Large packet sizes of common medications may be making us resistant to antibiotics

When we’re prescribed antibiotics, we make sure we follow the doctor’s instructions. Yes, we will take them at the same time every day. And yes, we will take them all until the packet runs out.

The last part is where many people have run into trouble. And it’s not because they want to disobey a doctor’s orders, it’s because the packet of antibiotics seems to far exceed the necessary dosage.

In Australia, the greatest amounts of antibiotics are prescribed in general practice and now it is being suggested that their over-prescription may be contributing to antibiotic resistance.

This is recognised as a serious threat, putting recovery from serious infection in doubt, and beginning to risk many therapeutic and diagnostic interventions in tertiary care requiring secure antibiotic cover – something now labelled a global threat.

Several guidelines exist in Australia to guide primary care. The Australian (electronic) Therapeutic Guidelines (eTG) are widely used; these give evidence-based recommendations on the basis of a diagnosis and tell GPs the recommended antibiotics, along with dose, frequency and – importantly – duration.

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Antibiotics are almost universally packaged by manufacturers in packs with left over pills. This had researchers at the Australian and New Zealand Journal of Public Health speculate on the whether packing size matches the guideline recommendations for duration, if any mismatch might contribute to unused antibiotics in the community and, if taken by patients on some other occasion, may contribute to unprescribed use and, thereby, resistance.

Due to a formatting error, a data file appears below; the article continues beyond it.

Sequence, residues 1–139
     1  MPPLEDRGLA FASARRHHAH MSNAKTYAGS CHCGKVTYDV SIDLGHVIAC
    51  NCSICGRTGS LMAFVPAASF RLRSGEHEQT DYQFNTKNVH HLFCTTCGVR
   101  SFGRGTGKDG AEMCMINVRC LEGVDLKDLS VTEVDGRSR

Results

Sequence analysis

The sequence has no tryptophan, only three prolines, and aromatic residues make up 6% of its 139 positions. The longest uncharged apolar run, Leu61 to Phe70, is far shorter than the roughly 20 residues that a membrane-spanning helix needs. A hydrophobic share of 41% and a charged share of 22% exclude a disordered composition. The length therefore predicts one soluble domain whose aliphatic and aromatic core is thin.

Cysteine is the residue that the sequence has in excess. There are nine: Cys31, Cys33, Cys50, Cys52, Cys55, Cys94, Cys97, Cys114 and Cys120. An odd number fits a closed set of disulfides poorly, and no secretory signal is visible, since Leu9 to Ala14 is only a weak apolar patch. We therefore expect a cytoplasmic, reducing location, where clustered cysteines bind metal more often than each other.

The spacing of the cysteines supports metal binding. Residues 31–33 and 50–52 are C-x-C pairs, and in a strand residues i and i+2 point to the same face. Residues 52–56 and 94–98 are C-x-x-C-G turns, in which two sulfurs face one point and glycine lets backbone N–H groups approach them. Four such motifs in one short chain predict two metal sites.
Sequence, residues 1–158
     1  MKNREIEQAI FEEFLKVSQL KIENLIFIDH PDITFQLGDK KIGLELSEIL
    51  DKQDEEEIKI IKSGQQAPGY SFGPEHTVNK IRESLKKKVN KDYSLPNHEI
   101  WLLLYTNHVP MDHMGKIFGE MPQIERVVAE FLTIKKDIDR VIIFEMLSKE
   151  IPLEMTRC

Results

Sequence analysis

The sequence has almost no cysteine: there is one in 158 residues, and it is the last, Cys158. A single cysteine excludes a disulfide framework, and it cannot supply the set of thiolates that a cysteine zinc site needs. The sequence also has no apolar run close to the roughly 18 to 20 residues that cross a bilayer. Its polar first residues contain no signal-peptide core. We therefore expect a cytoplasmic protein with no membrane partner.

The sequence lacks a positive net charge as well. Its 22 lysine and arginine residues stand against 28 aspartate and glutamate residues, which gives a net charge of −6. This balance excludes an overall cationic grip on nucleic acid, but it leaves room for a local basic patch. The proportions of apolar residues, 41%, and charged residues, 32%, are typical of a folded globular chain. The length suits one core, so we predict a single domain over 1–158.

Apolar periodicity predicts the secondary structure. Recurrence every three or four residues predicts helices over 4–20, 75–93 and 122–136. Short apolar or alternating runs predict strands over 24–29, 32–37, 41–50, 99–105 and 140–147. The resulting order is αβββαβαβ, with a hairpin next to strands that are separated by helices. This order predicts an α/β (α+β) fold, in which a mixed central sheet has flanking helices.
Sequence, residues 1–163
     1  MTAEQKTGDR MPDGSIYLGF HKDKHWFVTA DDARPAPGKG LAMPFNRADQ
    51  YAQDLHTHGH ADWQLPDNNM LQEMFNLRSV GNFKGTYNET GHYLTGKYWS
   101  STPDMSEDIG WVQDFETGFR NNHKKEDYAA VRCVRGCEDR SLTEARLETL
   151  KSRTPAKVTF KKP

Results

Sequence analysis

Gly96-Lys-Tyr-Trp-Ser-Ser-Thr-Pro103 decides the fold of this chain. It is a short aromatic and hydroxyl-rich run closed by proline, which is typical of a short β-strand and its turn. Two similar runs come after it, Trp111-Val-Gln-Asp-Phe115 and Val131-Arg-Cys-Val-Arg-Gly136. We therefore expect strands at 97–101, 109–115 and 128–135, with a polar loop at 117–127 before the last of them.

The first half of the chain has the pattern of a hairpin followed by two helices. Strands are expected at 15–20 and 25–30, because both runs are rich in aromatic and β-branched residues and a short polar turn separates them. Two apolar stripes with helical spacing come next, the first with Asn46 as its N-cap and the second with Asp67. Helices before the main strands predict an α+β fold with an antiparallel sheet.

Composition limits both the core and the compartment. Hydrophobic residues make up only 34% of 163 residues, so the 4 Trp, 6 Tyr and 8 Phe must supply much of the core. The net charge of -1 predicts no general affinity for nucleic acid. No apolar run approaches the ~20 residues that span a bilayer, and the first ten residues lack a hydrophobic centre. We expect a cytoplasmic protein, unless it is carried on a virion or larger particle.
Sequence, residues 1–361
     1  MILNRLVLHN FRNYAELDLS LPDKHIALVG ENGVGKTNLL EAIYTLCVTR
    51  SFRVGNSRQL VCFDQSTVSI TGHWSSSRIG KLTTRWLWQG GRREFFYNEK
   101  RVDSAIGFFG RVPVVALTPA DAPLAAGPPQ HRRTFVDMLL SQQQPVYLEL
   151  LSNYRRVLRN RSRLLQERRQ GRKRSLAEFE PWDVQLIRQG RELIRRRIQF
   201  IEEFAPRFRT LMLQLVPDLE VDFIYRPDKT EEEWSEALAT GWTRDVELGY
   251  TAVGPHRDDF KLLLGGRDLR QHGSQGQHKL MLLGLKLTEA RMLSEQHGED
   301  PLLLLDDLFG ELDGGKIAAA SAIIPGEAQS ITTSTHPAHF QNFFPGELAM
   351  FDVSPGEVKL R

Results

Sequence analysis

The authors studied 32 common antibiotic prescribing scenarios, 10 had doses left over in surplus and 18 had a shortfall, leaving only four in which the packaging size matched the duration recommended by electronic Therapeutic Guidelines. Where there was a shortfall, this was only exactly accommodated by a repeat prescription in two cases.

This mismatch in duration between guidelines and the packaging may mean that a considerable quantity of antibiotics are dispensed and not consumed for the prescribed acute illness, contributing to redundant antibiotic doses in the community.

Curiously, it is unlikely that all primary care clinicians follow optimal guidelines in their antibiotic prescribing – this is one of the causes of antibiotic resistance – despite there being evidence-based guidelines available to combat overprescribing. But even then, if general practitioners attempt to follow guidelines, difficulties in matching diagnoses and trying to match pack size with recommendations is an obstacle.

At this point, the team at the ANZ Journal believe solutions are not obvious, though one could be changes to legislation so that the Therapeutic Goods Administration (TGA) requires manufacturers to package antibiotics in accordance with guideline recommendations. Nonetheless, some solution needs to be trialled to close off what may be another threat to antibiotic resistance in the community.

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